Scottish independence: 'My views have changed during the debate,' says one of Scotland's richest men

Independence wouldn't change Scotland all that much, says Jim McColl
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The UK will remain united, an "armed forces alliance" will mean there is still a "British" army, an independent Scotland will share embassies worldwide with the rest of the UK and the Faslane base won't necessarily close to create a nuclear-free Scotland, because a future Holyrood government could vote to retain Trident. For Jim McColl, one of Scotland's richest men, there is little risk in Scotland voting to leave the union next week. "Things could be running the just the same as they are now," he says.

The assurances from Mr McColl – the billionaire head of 90 companies operating in 30 countries, whose CBC (Clyde Blowers Capital) business empire is headquartered near Glasgow – that the "United Kingdom will stay the same, with the Queen as its head of state", flies in the face of the stark warning from Alistair Darling, who heads the pro-union No campaign, that there will be "no turning back" if the Yes campaign triumphs.

Mr McColl's views, regularly discussed with Alex Salmond in his role as economic adviser to the First Minister, will shock many independence supporters who believe they are lining up to vote for a political earthquake, a clean break from Westminster; and for some life-long CND supporters, the long-held ambition is to close Faslane.

Mr McColl was in London for discussions with investors following his rescue of the ailing Ferguson shipyard in Port Glasgow and he spoke to The Independent on Sunday in the calm of the Grosvenor House Hotel before he flew back to Glasgow.

Although Mr McColl, 63, has not always been an advocate of independence, he accepts that during the 18 months of debate on the referendum, "the process has changed my views". But he accepts that if David Cameron had agreed to have a third question on the ballot paper, one that offered enhanced devolution powers, "then that is what we would have got – everyone would have voted for more powers, but remaining part of the UK".

In-or-out for Mr McColl centres on what he repeatedly calls "more fiscal powers". He says, in uncomplicated language, that "there is no scope for Scotland doing something that would stimulate job creation or attract businesses or support entrepreneurial activity because it doesn't have the levers to allow it to do that". In same precise tone, he attacks the Calman Commission that examined how devolution could be beefed up. He says the commission's brief "didn't allow it to come up with recommendations that would give Scotland an advantage over any other part of the UK".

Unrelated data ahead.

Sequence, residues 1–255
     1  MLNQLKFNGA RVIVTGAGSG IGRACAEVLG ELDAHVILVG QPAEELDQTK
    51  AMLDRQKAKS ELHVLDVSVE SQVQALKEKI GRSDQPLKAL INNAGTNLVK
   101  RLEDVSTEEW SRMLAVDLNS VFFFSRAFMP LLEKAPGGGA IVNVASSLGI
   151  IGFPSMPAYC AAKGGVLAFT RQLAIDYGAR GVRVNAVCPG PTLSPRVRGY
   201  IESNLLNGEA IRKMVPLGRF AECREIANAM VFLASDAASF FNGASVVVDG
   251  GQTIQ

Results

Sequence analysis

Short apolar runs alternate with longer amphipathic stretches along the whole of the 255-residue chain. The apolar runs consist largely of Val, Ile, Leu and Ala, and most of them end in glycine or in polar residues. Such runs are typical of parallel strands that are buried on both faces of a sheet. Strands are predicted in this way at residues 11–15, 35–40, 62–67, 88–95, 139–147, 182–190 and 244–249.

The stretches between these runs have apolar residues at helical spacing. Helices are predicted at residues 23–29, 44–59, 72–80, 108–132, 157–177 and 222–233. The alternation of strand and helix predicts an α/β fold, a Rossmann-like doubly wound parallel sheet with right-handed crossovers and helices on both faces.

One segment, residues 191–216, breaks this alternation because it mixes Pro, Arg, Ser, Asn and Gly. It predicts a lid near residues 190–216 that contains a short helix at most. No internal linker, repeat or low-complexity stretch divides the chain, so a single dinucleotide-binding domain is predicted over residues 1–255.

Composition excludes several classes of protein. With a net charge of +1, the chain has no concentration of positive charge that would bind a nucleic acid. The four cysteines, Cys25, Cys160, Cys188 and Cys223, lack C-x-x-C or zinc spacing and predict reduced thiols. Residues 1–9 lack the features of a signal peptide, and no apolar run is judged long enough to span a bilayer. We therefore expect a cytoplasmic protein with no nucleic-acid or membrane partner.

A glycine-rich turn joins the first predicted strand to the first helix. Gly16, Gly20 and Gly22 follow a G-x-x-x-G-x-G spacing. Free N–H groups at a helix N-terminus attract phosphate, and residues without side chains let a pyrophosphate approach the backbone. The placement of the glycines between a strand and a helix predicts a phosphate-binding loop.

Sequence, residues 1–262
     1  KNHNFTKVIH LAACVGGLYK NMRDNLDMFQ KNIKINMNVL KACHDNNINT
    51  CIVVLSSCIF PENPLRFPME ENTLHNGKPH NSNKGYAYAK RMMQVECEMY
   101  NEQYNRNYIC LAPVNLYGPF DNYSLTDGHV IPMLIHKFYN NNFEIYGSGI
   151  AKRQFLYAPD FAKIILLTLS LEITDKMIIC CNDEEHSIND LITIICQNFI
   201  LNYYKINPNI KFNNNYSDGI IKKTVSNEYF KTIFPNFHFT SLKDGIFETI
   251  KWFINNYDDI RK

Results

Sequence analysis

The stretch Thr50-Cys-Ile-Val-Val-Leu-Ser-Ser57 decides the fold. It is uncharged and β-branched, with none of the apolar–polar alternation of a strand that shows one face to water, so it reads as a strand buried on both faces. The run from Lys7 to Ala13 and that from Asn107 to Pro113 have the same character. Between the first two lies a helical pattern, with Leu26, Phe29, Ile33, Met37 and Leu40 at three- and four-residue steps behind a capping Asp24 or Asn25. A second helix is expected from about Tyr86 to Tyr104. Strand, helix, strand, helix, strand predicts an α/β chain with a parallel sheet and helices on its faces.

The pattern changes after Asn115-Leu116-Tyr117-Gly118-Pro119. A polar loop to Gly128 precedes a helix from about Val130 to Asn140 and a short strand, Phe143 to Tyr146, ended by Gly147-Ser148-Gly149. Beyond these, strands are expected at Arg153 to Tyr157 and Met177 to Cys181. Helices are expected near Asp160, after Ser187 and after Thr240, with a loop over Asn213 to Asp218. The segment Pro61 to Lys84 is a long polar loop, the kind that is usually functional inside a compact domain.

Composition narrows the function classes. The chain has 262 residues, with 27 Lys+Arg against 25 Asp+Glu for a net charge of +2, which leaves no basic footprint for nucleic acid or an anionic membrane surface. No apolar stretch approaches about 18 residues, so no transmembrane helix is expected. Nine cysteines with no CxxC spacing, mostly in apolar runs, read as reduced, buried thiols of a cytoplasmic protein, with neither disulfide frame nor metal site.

Parts of the No campaign have attacked the proposed reduction of corporation tax in an independent Scotland as likely to reduce revenue, increase the rewards to "fat cat" big companies, and affect spending on social services. Mr McColl questions the logic. "If they are saying it's all going to the rich guys in big business – there is no big business in Scotland." Government-owned banks, he says, don't count.

What works for his companies operating in China and Canada – where R&D is deducted before tax, or where no corporation tax is paid in the first six years of a start-up – isn't happening in Scotland, he says. Government money for skills development and other assistance projects fails to reach its targets in Scotland, wasted in endless subcontracts. And the bigger picture? "There is something fundamentally wrong," he says, with the way Scotland is handed a share of UK spending. "It's 'here is your pocket money'. We are a wealthy dependent nation – that's what we are."

On oil, Mr McColl says aggressive stealth tax raids on income from the North Sea have left the oil companies uncertain of where the "next hit" is coming from and that an independent Scotland should "constitutionally" lock in a decade of "stable" lower tax rates to ensure greater investment.

Mr McColl, the son of a butcher, left school at 16 to become an apprentice in a leading Glasgow engineering firm – which he later bought. He went on to study technology, business and international accountancy at university and then created one of Scotland's leading business portfolios in a globally respected company.

His story points to an emotional attachment to independence and the concept of freedom. But, he says, "I'm just attached to the potential of Scotland being economically stronger than it is."

His dual perspectives, as a Scottish government adviser and a billionaire businessman, suggest that he should be able to spot scare tactics in the political yard fight better than others.

Surprisingly, he claims the biggest scare story is a Yes vote. " It's not this big, massive jump. This is a vote to have an independent parliament. At one extreme, things could be running the same as they are at the moment. There's an election in 2016 for the Scottish Parliament. [Before the deal on independence is agreed.] The main parties will need a manifesto. They'll need a Plan B – to say how they would run Scotland. None is disclosing this."

And before the Scottish 2016 poll, there will be next year's UK election. For Mr McColl, this means Ed Miliband, for example, can't be hostile to a common currency; there would be discussions on shared armed forces; and win-wins for both sides would emerge.

So no break-up of the UK? No inconsistency for a political party in one sovereign country having close ties with a sister party in another country? "No, not at all," McColl says. "It's been pitched that way. But if people want to work together, then you come up with an answer."